On Saturday I spent a super fast (time flies when you're having fun) four hours with a lovely group of artists in my Collage Faces class. I would say about a quarter of the class is attending live and the rest are watching the replay. That's the wonderful thing about Zoom. It's so flexible! Plus, I think the message board and ability to share images and ask questions between classes makes it feel like you don't have to watch live.
For class number two, we focused on the structure of the basic pleasing face and how to construct it out of collage paper -- which papers to choose, how to cut pieces, how to combine things, etc. These are my demo pieces from class:
There's plenty of time to join in on class. All the video lessons are downloadable and you can work at your own pace.
As a side note, I've been thinking a lot about the "job" of an artist. I've always maintained that it's about taking the view of how you see the world and getting it into a form that other people can digest. My collage faces are less about creating accurate portraiture and more about sharing how I feel/what I see.
Over Memorial Day weekend, I was at a barbecue and chatting with someone new. I asked him how he had gotten into his line of work and he said, "I feel like I'm at a job interview." I apologized immediately and we laughed about it. The fact is, I do like to interview people. I do like to ask lots of questions and find out all about them. I insatiably curious about people. I want to know if how they present themselves is how they are. I want to know everything. I find people endlessly fascinating and full of unexpected twists and turns. I think that's why my faces are less than traditional. I have a deep desire to show off interesting faces rather than pretty ones. I like faces that have stories to tell.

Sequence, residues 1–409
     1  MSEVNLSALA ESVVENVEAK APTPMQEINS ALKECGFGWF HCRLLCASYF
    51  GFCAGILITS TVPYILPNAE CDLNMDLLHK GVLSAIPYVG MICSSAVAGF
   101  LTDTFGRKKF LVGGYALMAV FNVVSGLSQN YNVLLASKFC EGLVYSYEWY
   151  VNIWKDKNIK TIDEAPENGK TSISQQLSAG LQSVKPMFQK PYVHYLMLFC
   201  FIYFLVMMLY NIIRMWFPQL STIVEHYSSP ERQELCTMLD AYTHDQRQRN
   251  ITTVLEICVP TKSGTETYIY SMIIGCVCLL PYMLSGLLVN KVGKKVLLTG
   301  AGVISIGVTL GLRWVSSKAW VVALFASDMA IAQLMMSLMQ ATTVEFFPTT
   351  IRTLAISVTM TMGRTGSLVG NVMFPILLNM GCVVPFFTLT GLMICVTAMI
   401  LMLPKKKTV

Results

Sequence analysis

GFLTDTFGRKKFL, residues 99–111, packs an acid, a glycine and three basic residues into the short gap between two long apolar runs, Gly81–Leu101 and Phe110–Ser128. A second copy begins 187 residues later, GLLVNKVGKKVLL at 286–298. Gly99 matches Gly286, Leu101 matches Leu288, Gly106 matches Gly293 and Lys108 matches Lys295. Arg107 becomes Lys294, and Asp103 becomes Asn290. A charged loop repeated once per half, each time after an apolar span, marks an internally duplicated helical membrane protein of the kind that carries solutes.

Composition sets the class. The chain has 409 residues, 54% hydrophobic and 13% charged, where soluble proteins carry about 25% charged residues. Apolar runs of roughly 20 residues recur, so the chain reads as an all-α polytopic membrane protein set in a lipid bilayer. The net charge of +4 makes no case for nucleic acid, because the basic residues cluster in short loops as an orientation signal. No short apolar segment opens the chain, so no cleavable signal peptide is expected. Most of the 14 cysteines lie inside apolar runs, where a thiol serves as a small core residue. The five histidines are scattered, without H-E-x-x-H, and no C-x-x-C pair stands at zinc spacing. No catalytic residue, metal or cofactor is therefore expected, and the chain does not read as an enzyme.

The further I get along in my artistic journey, the more I realize how important it is to tap into the things that drive you to create. I am interested in odd people. And so I make odd people.
Thanks for stopping by!